When determining rules for Suboxone treatment, the government intentionally chose a design that was different from methadone programs. Methadone was approved as a treatment for opiate addiction around 1970. Because it is an addictive and abused drug, it could only be given out in licensed clinics. Restrictive regulations were put in place, including required daily attendance at the clinic, and supervised consumption of medications. In some ways, the regulations contributed to the problem. It is difficult for patients on methadone to travel or hold a job, and they are regularly exposed to other actively using drug addicts. In order to avoid the same consequences, rules for Suboxone were designed to allow a physician in private practice to prescribe Suboxone type products for up to one month or longer. There were, however, no requirements for counseling, drug testing, or any other case management services.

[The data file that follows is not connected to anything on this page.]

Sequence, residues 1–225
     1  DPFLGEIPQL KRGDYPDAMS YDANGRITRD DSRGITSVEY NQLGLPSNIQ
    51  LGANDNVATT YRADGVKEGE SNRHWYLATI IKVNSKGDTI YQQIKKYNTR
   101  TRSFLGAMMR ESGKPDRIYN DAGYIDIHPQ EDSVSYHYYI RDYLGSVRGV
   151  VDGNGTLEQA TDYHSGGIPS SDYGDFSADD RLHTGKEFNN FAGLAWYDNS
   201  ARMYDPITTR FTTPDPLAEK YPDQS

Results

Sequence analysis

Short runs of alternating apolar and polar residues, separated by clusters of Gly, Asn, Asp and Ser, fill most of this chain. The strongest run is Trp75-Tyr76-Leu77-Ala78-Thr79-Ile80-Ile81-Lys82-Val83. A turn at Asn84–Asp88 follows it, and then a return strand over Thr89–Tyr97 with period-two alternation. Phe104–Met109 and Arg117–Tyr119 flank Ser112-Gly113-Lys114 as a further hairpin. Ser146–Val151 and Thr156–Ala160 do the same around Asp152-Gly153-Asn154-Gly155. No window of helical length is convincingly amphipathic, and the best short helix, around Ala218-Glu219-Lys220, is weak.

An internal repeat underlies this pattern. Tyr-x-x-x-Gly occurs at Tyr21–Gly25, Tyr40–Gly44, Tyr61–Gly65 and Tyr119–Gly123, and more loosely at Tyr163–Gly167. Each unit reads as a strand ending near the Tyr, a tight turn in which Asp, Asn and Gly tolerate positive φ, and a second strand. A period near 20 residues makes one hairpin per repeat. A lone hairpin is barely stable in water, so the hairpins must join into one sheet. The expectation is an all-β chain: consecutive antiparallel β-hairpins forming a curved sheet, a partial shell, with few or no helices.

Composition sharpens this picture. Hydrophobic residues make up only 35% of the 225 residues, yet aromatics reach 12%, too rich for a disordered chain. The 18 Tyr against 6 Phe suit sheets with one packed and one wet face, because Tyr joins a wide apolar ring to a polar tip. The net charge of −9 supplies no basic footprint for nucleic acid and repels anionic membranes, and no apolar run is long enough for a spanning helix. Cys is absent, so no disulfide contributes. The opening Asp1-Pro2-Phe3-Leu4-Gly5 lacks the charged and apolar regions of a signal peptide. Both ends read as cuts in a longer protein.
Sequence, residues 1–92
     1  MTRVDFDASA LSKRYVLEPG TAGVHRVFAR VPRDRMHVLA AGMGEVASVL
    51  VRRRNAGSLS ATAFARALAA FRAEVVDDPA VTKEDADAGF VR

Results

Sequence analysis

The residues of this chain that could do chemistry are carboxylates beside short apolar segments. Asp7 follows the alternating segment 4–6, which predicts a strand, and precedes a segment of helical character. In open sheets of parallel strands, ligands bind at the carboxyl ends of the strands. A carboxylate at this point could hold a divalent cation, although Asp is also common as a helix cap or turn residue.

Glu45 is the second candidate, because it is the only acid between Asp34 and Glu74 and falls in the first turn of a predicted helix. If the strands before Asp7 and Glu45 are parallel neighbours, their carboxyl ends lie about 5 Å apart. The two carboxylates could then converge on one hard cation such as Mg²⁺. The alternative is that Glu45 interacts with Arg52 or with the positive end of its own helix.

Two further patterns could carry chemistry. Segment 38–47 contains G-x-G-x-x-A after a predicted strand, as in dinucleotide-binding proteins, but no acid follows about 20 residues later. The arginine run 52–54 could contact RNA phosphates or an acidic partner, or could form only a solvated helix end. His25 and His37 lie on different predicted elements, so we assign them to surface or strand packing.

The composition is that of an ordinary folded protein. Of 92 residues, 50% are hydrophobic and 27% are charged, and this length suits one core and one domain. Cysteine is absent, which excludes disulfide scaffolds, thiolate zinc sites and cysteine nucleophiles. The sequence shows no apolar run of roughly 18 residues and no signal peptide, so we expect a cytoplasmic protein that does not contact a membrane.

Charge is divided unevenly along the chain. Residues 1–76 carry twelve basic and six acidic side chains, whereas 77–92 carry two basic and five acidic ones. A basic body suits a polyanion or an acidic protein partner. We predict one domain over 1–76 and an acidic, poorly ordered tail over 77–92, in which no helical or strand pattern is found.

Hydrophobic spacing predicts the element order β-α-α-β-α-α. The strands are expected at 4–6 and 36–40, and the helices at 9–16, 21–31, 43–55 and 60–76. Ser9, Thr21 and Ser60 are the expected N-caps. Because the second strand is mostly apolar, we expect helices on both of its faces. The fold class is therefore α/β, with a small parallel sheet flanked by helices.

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Jun 16

June 28, 2016

Medication-Assisted Treatment – MAT

By Peter R. Coleman, MD

Recently, the New York Times ran an article proposing that most opiate addicts should receive Medication Assisted Treatment (MAT). I couldn’t agree with them more.

Success rates for patients with opiate addiction who are not treated with any form of MAT are horrible. An important study I have quoted for many years made this abundantly clear. The study was out of Seattle. It followed 124 patients who went into a hospital to start their recovery from opiate addiction. About 26% were not even able to complete the detoxification. The others were all offered good treatment options – 28 day inpatient rehab, outpatient counseling, recovery residences, etc. After 3 months, there were only 4 successful patients. This equates to a success rate of only 3%. And, all of these patients were motivated. They went into a hospital to get clean. But, there is something about opiate addiction that makes relapse so much more likely than other addictions. Hence, the need for MAT.